Journal of Endocrinological Investigation

, Volume 27, Issue 5, pp 475–479

Fatal toxic epidermal necrolysis in autoimmune polyglandular syndrome Type I

  • A. Porzionato
  • S. Zancaner
  • C. Betterle
  • S. D. Ferrara
Case Report

Abstract

Autoimmune polyglandular syndrome Type I (APS I) is a disorder defined by the presence of at least two of the following diseases: Addison’s disease, hypoparathyroidism, and chronic mucocutaneous candidiasis. We present the case of a 45-yr-old woman, affected by APS I, in chronic treatment with betamethasone. She was referred to a Division of General Medicine for jaundice, ascites and peripheral edema attributed to worsening of pre-existing autoimmune chronic hepatitis. During hospitalization, the following drugs were given: Amoxicillin/Clavulanic acid and Levofloxacin for bronchopneumonia, Furosemide and Canreonate for renal impairment, Pantoprazole for gastric protection, and Itraconazole for oral candidiasis. After about a month, she developed widespread, sheet-like, epidermal detachment, with painful lesions of the conjunctiva, lips and mouth. Toxic epidermal necrolysis (TEN) was diagnosed, and the patient was transferred to a Burn Center, where she died 10 days after the first onset of cutaneous rash. Autoptic and histopathological findings (epidermal necrosis and detachment, lymphomonocytic infiltration of the dermis) confirmed the clinical diagnosis. TEN is a usually drug-induced cutaneous inflammatory disorder characterized by extensive epidermal detachment and frequent mucosal involvement. It has also been associated with immuno-mediated disorders (HIV infection, graft-vs-host disease, systemic lupus erythematosus, mixed essential cryoglobulinemia), in keeping with immuno-mediated pathogenesis. We present, to our knowledge, the first report of TEN in a patient with APS I, and suggest that some pathogenetic mechanisms of APS I are shared with TEN. We stress how such a disease can occur in an autoimmune syndrome, even during corticosteroid treatment.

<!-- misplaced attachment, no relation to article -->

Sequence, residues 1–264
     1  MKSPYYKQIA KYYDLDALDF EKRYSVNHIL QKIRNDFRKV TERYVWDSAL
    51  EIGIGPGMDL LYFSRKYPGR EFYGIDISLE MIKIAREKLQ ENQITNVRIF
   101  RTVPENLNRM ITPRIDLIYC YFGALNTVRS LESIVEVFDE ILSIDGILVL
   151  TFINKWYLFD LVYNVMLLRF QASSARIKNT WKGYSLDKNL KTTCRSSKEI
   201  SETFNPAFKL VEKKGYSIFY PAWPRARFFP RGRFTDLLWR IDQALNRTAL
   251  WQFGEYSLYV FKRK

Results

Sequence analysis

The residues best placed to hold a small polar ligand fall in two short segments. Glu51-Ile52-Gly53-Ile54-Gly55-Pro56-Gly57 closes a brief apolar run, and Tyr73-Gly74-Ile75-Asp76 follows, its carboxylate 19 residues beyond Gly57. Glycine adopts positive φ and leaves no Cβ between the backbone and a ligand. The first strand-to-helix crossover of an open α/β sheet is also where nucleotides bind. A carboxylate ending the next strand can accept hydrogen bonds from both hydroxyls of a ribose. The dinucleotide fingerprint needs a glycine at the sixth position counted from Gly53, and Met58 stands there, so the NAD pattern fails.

Key-words

Autoimmune polyglandular syndrome toxic epidermal necrolysis corticosteroid Addison’s disease hypoparathyroidism 

Preview

Unable to display preview. Download preview PDF.

Unable to display preview. Download preview PDF.

References

  1. 1.
    Mignogna MD, Fedele S, Lo Russo L, Ruoppo E, Lo Muzio L. Polyglandular autoimmune syndrome Type II associated with oral lichen planus. Int J Dermatol 2002, 41: 244–6.PubMedCrossRefGoogle Scholar
  2. 2.
    Betterle C, Dal Pra C, Mantero F, Zanchetta R. Autoimmune adrenal insufficiency and autoimmune polyendocrine syndromes: autoantibodies, autoantigens, and their applicability in diagnosis and disease prediction. Endocr Rev 2002, 23: 327–64.PubMedCrossRefGoogle Scholar
  3. 3.
    Betterle C, Greggio NA, Volpato M. Autoimmune polyglandular syndrome Type 1. J Clin Endocrinol Metab 1998, 83: 1049–55.PubMedCrossRefGoogle Scholar
  4. 4.
    Neufeld M, MacLaren NK, Blizzard RM. Two types of autoimmune Addison’s disease associated with different polyglandular autoimmune (PGA) syndromes. Medicine 1981, 60: 355–62.PubMedCrossRefGoogle Scholar
  5. 5.
    Chen S, Sawicka J, Betterle C, et al. Autoantibodies to steroidogenic enzymes in autoimmune polyglandular syndrome, Addison’s disease, and premature ovarian failure. J Clin Endocrinol Metab 1996, 81: 1871–6.PubMedGoogle Scholar
  6. 6.
    Meyer G, Badenhoop K. Autoimmune regulator (AIRE) gene on chromosome 21: implications for autoimmune polyendocrinopathy-candidiasis-ectodermal dystrophy (APECED) any more common manifestations of endocrine autoimmunity. J Endocrinol Invest 2002, 25: 804–11.PubMedCrossRefGoogle Scholar
  7. 7.
    Carboni I, Soda R, Bianchi L, Chimenti S. Chronic mucocutaneous candidiasis and alopecia areata as cutaneous expression of autoimmune polyglandular syndrome Type I. Acta Dermatol Venereol 2002, 82: 68–9.CrossRefGoogle Scholar
  8. 8.
    Oblinger E, Cibis A, Peter RU, Proebstle TM. Anogenital condylomata acuminata, mucocutaneous candidiasis, vitiligo, keratopathy and primary hypoparathyroidism in an autoimmune polyglandular syndrome Type 1. Dtsch Med Wochenschr 1997, 122: 1382–6.PubMedCrossRefGoogle Scholar
  9. 9.
    Sporkmann KH, Eickhoff R, Dominik HC. Subsepsis allergica in a patient with Type I polyglandular autoimmune syndrome. Monatsschr Kinderheilkd 1990, 138: 619–22.PubMedGoogle Scholar